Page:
B J Hollars

Ten days after they took him from the jail, shot him through the heart, and hurled him from the Bogalusa Bridge, Mack Charles Parker—age 23, black—was dredged from the Pearl River near Poplarville.

This was in May of 1959.

Mack had been accused of raping a white woman and maybe he did. But maybe he didn't, too. Regardless, the answer was an afterthought to the men who made up the mob.  They'd been taking men like Mack all their lives, one way or another, and what was Mack to a Mississippi mob but one more colored boy to shoot and sink in the river?

Never mind that Mack had no history of violence. Never mind what the lie detectors said. And never mind the jailer's keys, so readily accessible that night.

Never mind the man with the blue and white handkerchief wrapped round his face, or the man with the white cotton gloves. Or the other man, whose job it was to twist the light bulb to plunge them into darkness.

Never mind Mack's head, which cracked upon each marble step as they dragged him down the courthouse stairs. Or the marshal who, when called to investigate, ordered a cup of coffee, instead.

Never mind the men who drove Mack 20 miles to the Bogalusa Bridge. Or the man (or men?) who pulled the trigger twice, then weighed down his body with chains.

Never mind the moonlight, the splash, the empty seat on the drive back into town. For fifty years, no one minded at all.

I first learn of his murder while in Montgomery, from a woman who nearly met her own end in that town two years after Mack. She tells me how she crouched in a phone booth while the mob gave chase. Her crime: integrating a bus.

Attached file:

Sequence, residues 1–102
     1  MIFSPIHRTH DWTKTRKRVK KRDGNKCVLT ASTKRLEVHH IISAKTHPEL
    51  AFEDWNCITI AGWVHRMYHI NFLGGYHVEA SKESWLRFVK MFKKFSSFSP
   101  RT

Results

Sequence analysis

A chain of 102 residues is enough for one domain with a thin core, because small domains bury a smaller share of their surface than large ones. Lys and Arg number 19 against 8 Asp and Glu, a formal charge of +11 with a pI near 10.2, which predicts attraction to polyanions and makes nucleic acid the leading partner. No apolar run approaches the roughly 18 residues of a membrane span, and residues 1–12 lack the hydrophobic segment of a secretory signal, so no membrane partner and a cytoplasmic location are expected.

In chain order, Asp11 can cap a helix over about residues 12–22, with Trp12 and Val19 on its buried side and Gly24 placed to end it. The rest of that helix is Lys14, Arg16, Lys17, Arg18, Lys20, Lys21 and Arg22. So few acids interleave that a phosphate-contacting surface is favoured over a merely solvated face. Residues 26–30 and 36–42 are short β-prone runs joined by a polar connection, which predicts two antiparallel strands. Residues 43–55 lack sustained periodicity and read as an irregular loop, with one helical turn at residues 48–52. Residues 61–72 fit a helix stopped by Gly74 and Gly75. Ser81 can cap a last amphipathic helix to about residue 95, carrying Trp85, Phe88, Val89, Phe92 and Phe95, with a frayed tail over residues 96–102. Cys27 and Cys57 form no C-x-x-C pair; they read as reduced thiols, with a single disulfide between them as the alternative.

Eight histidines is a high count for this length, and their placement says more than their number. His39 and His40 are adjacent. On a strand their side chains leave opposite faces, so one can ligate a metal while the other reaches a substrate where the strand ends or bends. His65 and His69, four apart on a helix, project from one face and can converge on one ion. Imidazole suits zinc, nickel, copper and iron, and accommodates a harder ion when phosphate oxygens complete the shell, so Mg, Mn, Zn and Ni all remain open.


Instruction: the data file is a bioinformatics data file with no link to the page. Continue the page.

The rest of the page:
"I survived," she tells me. "But all along I was thinking of Mack."

Later that night around midnight, I hear a pounding on my motel door.

I sit upright—a dream?—before the pounding comes again.

"Front desk!" a man calls. I do not answer it. Do not even rise from the safety of my bed. Once the pounding ends I rise slowly, peering through the curtains, the peephole, but all I see is night.

Mind you, I am a white man.

Mind you, there is a deadbolt on my door.

I am 250 miles from Poplarville, though when I hear the man pounding, I, too, find myself thinking of Mack. About the men who didn't knock when they unlocked his cell, about the men who cupped their hands around his heels.

I call the front desk but nobody answers. I try again, and this time the phone line is dead.

The handset, apparently, has come unplugged so I re-plug it and try again.

"Hello?" I ask. "Is there a problem? Did someone just knock on my door?"

The man at the front desk apologizes. He says he'd received a phone call about an emergency in room 143, that he was informed that a Mrs. Johnson was in danger.

I tell him there is no emergency in room 143, no Mrs. Johnson, either.

Perhaps, the man concedes, it was a prank.

Never mind what it was or what it wasn't.

Never mind the fear I thought I felt.

As I return to my sheets all I think about is what I'm trying so hard to forget: the way my heart had seized when I heard pounding, the way I'd momentarily confused myself for somebody else.

That night I search for sleep in the hum of the highway just beyond my motel door. Instead, I'm kept awake by the sounds I cannot shake: the turn of a key, the twist of a bulb, and the hushing whorl a body makes when hurled into a river.






I wrote the first draft of this piece in a cockroach-infested Red Roof Inn in Montgomery, Alabama in the moments following the events described in the latter half of this essay. I was so shaken I couldn't sleep.  Still can't, some nights.  A few days later, while driving to the airport in Jackson, Mississippi I passed a sign for the Pearl River, where Mack's body was found.  These days, I can't pass a river without thinking of Mack Charles Parker, or Emmett Till, or...